# uk : glossary

Advance

The actual amount of money agreed to be lent to you for
your mortgage.

Annual Versus Daily Interest Rate Calculations

Some lenders offer mortgages with daily or with annual interest.
The best option depends on your personal circumstances,
for example if you know you will want to make overpayments
or regular capital payments on your mortgage, you should
probably consider a daily interest type mortgage. However,
if flexibility of payment is not a requirement, annual interest
may be more appropriate.

Depending on the mortgage product you have chosen, interest
will be calculated either annually (on 1st January) or daily.
Interest is worked out based on the amount of capital you
owe at the time of calculation.

APR (Annual Percentage Rate)

It assumes certain fees and likely costs in connection with
a mortgage and combines this amount with the interest rate
of the mortgage product. The APR is intended to help you
compare the terms offered by different lenders. An APR must
be quoted by lenders on each mortgage product, in addition
to the actual rate of interest for the mortgage product.

Arrears

This is the term used to describe payments which are due,
but have not been made.

Building Survey

Sometimes referred to as a Structural Survey, this is a
comprehensive report, conducted by a surveyor, for the buyer
of a property. It is usually appropriate if the buyer has
concerns as to the structural adequacy of the property.

Buy To Let Mortgage

A loan taken out to buy a property as an investment, for
the sole purpose of letting. Rental income is received from
the tenants, which is used to repay the mortgage and can
provide additional income.

Capped Mortgage

A mortgage product which guarantees the interest rate charged
will not rise above a certain level for a set period of
time. However, if the Standard Variable Rate goes below
the capped rate, the Standard Variable Rate will apply.
Once the set period of the capped rate has ended, the Standard
Variable Rate of interest will be charged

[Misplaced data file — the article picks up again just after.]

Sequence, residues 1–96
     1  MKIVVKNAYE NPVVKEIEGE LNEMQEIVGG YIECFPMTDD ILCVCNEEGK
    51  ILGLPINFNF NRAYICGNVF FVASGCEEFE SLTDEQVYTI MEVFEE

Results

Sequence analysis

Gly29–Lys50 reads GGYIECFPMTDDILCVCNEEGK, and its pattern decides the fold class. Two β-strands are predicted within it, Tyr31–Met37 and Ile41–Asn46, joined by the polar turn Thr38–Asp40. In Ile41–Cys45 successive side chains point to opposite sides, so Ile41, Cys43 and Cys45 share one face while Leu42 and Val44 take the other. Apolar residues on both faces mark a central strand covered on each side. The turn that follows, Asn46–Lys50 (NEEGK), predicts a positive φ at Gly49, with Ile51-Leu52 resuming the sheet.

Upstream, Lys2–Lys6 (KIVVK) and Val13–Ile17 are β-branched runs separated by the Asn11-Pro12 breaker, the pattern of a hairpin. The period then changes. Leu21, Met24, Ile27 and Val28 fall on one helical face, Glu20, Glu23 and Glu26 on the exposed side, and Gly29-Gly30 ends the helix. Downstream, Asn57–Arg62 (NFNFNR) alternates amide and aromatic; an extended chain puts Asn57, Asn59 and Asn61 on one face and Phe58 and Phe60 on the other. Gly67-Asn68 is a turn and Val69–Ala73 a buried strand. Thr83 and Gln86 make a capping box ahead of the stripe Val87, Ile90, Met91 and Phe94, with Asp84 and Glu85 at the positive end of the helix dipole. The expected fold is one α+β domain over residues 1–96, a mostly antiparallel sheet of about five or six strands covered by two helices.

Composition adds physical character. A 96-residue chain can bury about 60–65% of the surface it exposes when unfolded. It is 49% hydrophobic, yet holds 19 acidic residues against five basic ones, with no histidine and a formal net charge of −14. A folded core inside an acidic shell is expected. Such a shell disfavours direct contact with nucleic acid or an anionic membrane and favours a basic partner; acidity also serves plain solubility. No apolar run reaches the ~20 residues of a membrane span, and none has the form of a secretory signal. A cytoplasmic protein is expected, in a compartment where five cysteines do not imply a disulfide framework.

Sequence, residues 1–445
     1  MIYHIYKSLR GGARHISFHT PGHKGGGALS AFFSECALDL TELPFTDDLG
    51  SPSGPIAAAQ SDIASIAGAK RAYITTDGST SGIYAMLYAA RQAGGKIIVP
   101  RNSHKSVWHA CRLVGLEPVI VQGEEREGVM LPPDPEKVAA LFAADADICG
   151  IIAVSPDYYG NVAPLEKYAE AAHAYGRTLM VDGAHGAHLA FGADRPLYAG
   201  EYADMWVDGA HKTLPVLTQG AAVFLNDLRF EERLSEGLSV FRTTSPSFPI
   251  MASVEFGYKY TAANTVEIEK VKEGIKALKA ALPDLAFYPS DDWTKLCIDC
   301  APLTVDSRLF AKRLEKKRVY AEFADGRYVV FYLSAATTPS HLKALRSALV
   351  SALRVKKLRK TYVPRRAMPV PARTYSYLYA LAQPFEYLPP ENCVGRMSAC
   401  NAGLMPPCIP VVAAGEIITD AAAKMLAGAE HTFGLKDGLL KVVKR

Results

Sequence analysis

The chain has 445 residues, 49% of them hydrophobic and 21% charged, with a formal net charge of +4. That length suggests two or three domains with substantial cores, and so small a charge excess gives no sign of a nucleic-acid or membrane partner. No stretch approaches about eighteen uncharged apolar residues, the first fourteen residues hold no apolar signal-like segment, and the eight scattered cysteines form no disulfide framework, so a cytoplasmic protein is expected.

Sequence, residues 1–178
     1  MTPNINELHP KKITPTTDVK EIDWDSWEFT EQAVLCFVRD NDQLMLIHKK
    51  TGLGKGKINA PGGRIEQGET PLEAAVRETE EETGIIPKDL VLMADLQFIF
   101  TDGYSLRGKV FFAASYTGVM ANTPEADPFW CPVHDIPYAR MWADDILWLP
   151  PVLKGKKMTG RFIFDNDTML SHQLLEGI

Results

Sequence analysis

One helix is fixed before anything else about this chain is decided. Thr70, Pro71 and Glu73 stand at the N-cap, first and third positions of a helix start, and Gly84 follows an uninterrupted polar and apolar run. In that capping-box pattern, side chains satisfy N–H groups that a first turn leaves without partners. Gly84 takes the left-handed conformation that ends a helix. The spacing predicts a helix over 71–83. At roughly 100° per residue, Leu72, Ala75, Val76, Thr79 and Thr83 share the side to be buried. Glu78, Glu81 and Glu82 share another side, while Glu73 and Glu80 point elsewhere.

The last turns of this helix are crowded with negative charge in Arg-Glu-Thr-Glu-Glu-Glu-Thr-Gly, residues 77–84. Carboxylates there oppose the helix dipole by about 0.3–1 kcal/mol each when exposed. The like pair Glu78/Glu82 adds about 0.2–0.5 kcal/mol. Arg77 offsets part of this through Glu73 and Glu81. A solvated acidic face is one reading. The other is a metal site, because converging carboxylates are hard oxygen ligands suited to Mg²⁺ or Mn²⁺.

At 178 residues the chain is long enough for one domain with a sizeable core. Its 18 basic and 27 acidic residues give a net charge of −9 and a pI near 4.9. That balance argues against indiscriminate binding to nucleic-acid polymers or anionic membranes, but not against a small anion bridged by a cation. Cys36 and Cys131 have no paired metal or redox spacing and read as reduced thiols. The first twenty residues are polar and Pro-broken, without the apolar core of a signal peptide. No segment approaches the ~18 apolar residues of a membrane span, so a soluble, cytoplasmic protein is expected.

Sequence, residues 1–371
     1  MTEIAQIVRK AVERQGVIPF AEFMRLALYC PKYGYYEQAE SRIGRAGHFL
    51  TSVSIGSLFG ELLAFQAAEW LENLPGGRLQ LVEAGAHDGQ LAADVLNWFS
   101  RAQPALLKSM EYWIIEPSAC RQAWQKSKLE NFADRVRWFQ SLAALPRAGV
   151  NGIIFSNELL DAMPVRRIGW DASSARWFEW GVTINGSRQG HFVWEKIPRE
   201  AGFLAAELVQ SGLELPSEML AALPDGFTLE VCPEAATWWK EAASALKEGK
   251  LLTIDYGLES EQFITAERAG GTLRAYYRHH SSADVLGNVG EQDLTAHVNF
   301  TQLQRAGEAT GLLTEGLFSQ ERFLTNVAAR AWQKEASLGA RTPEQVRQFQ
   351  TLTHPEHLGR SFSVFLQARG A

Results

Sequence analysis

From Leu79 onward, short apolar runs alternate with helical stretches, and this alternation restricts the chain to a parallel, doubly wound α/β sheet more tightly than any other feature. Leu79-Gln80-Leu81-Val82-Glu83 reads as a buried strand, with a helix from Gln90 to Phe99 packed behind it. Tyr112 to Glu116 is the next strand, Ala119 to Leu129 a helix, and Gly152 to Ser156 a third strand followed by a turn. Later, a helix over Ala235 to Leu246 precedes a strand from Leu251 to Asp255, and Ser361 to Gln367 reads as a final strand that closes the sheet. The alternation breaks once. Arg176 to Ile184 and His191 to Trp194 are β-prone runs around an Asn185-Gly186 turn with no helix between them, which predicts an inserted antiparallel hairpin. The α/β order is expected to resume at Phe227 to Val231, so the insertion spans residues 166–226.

Cashback Mortgage

Is a mortgage product, which provides a cash lump sum or
a cash percentage of the mortgage amount to spend as you
wish. The cashback amount is paid to the borrower shortly
after completion. The interest rate applied is usually the
Standard Variable Rate.

Chain

Is where a number of buyers and sellers are connected by
the fact that they are all buying and selling properties
to each other at the same time. Exchange of contracts must
be agreed so that each buyer gains vacant possession of
the property they are buying on the same day

Completion

Completion is the final stage of the mortgage process and
occurs when the solicitor or conveyancer dealing with the
purchase or remortgage is in a position to receive the mortgage
funds. This date is known as the completion date. The lender
sends the amount of the mortgage to the solicitor who then
uses the funds to either repay your existing mortgage (if
remortgaging) or sends the agreed purchase price to the
seller’s solicitors (if purchasing a property).

Credit Scoring

Credit scoring is a system which lenders use to assist in
making decisions about granting loans. Credit scoring uses
statistical techniques to measure the likelihood that an
application for loans will be a good credit risk.

Mortgage Deposit

The deposit is the initial lump sum payment, which the buyer
must contribute to the property’s total purchase price.
The minimum amount of deposit is usually 5% or more of the
property’s purchase price or valuation. Many mortgage
products, however, require a larger deposit to be paid

Endowment

A life assurance policy used as a repayment vehicle to pay
off a mortgage loan. Some policies offer an additional amount
when the policy matures. However, this depends on the investment
performance of the policy. There is a risk of shortfall
in the anticipated amount on maturity if the policy does
not perform as expected

Equity

The positive difference between the value of your property
and the amount of any outstanding loans secured against
it.

First Time Buyer

Someone whose name has never appeared on the deed to a property
regardless of whether the property was mortgaged or not.

Fixed Rate Mortgage

A mortgage product which guarantees a fixed rate of interest
at a specific level for a set period. After the set period
has ended, the Standard Variable Rate will apply.

Flexible Mortgage

Is a mortgage product, which provides the customer with
flexible benefits such as payment holidays, the facility
to make over and under payments or combination with a current
account

Guarantor Mortgages

Guarantor mortgages are taken out in situations where the